The Marshalltown Salvation Army serving meals at its canteens following the tornado.

One of the key organizations that helps those impacted by natural disasters was itself a victim when the massive tornado struck downtown Marshalltown last week. Salvation Army Captain Pam Kasten says their building was right in the path of the tornado.

“We have a large community center there with a gymnasium and classrooms, a kitchen and offices and it took off the roof and the staff say it shook the building — I was at one of our other buildings — and it sustained quite a bit of damage,” Kasten says.

The damage made them have to do some extra preparation before heading out to help the community. “It’s been a challenge, we would usually have area command in our building and operate out of it to get the canteens out on the road to the public, and we haven’t been able to do that,” Kasten says. She says they moved the command operations to a car and Hy-Vee allowed them to set up the canteens in their parking lot.

“For first day-and-a-half we served from that parking lot from our canteens and provided clean up kids and just some spiritual care to the community,” Kasten says. “And then on Saturday afternoon we rocked-and-rolled and got out of there and got onto the streets and went to the people so that they didn’t have to come to us any more.”

On a personal level Kasten had to adjust too. She describes herself as very organized and having to work out of a car instead of the main office took more adjustment. And on top of that, she had only been in Marshalltown for a little more than two weeks after transferring from Boone. “It’s been a little overwhelming to say the least. But I have a really good team,” according to Kasten. “The Salvation Army is in 130 countries, and so you know we help each other out. So we have had people come in from Cedar Rapids and Iowa City. Des Moines will come over and help us. Mason City has helped us out.”

Marshalltown is part of the Salvation Army Western Division and Kasten says she also got a lot of help from the headquarters in Omaha. Kasten says it was important to respond quickly to help residents as the storm ripped out hundreds of power poles. Kasten says with 10,000 people without electricity, food was spoiling, people who couldn’t take the heat didn’t have air conditioning. She says they are now about one-thousand customers away from getting all the power back on. “And so I think once we get electricity we will be well on our way to getting back to a new normal.”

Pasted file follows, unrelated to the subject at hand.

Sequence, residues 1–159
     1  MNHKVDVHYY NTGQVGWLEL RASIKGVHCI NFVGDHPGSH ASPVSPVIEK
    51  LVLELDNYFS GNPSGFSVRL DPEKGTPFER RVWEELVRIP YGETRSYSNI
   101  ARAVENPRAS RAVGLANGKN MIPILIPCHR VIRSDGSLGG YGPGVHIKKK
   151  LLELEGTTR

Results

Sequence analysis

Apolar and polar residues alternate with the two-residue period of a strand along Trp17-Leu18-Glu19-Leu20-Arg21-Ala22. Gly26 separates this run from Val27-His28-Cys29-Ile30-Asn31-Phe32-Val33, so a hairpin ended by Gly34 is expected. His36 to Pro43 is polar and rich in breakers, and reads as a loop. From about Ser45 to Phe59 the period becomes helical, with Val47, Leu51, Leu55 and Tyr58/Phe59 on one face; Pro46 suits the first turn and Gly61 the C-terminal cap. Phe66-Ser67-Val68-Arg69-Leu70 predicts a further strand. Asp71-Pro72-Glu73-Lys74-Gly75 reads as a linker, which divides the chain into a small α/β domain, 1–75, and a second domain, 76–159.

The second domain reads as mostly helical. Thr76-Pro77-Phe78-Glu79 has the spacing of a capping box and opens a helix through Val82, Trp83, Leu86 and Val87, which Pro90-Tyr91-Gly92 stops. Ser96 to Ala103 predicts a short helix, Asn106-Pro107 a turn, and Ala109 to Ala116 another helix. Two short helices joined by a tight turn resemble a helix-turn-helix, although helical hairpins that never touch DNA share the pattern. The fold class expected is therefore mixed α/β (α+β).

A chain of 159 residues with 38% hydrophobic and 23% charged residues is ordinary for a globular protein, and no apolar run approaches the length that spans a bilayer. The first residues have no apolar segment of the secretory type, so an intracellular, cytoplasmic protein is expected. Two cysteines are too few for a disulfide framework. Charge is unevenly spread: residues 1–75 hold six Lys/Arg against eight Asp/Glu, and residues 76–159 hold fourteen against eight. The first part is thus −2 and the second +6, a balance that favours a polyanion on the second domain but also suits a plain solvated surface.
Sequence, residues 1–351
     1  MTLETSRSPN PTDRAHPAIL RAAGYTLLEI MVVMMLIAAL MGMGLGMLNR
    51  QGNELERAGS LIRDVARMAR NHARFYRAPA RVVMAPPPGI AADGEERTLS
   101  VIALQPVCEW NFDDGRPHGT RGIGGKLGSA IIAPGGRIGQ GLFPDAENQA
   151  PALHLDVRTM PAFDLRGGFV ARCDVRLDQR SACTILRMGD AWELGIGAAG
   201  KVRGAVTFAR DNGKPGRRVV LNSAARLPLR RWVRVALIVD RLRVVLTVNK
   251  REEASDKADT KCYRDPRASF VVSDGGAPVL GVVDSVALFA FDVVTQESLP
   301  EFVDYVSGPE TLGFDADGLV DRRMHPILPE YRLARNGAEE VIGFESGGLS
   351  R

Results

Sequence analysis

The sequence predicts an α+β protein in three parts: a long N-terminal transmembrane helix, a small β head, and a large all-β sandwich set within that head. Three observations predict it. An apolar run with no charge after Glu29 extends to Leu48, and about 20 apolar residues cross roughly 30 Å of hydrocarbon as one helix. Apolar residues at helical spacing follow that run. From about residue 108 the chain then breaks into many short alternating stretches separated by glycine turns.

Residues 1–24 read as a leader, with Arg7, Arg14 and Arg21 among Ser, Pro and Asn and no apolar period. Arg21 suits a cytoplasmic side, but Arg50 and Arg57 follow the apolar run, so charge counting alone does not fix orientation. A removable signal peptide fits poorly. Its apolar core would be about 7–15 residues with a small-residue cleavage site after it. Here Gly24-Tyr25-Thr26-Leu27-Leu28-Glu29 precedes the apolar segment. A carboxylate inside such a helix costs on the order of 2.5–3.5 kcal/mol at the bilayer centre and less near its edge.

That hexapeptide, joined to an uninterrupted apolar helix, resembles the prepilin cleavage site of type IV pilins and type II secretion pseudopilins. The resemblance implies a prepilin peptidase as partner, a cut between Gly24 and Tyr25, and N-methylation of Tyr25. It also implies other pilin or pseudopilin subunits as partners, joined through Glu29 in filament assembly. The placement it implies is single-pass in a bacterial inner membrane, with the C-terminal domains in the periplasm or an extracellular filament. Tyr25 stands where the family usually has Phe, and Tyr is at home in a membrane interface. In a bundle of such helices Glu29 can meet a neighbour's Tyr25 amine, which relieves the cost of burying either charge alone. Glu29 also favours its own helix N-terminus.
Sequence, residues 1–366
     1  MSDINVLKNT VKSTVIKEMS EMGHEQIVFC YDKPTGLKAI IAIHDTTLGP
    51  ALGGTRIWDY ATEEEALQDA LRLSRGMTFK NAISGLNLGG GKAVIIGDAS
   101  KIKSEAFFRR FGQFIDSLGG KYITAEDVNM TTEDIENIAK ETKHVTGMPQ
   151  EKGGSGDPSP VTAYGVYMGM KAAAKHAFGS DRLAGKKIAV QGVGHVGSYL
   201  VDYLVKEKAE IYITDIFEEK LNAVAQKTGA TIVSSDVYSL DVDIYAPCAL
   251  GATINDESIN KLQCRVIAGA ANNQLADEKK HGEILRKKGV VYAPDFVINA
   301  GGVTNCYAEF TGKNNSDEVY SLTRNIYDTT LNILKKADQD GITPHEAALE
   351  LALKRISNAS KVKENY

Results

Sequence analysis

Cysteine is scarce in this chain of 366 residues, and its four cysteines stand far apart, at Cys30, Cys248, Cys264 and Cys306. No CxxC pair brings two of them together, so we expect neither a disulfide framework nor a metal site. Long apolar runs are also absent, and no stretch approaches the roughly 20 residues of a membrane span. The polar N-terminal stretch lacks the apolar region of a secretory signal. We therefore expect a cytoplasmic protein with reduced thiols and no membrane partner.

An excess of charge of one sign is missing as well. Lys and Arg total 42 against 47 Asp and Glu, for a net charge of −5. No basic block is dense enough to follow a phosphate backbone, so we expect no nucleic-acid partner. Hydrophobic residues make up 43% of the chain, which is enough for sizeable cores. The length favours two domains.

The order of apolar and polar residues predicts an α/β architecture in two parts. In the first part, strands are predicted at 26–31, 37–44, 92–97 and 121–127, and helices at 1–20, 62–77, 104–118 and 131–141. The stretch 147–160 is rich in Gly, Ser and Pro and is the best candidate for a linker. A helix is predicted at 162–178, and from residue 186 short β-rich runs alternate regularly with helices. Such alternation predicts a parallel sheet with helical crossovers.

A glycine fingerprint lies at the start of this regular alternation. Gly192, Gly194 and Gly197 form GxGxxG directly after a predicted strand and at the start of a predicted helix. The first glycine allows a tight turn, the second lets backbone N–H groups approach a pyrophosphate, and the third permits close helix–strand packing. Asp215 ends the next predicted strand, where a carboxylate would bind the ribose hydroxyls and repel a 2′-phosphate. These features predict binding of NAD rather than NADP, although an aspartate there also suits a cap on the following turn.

They are still waiting for the electricity to come back on in their building and they can get back in there to continue the recovery work. “There’s quite a bit of damage that can be fixed. We need a whole new roof and some walls need to be replaced and some ceiling tiles,” Kasten explains. “But we’ll just move from one side of the building to another during the clean up and fixing phase so that we are open and have service to the community.”

It was not only a new job for Kasten but also her first big test with a major disaster. “I had responded to small fires and fed firemen and provided hot drinks or cold drinks depending on the season — but this is my very first time of doing a disaster of this nature. So, I guess you respond by being put in the fire, so that’s what I am doing,” Kasten says.

Getting all the power back on is only part of the recovery — as Kasten says they will also continue working on the emotional issues brought on by the storm. “It’s difficult. Even me, I said if I never hear those sirens again it won’t be too soon,” Kasten says. “But we do have the mental health community on at the MARC center, which is the multi agency recovery center. And so they are there to help with those processes and just to talk people through those things and to listen.”

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The National Weather Service says the tornado that went through Marshalltown was an EF-3, with winds up to 144 miles-an-hour.

(Photo courtesy of the Marshalltown Salvation Army)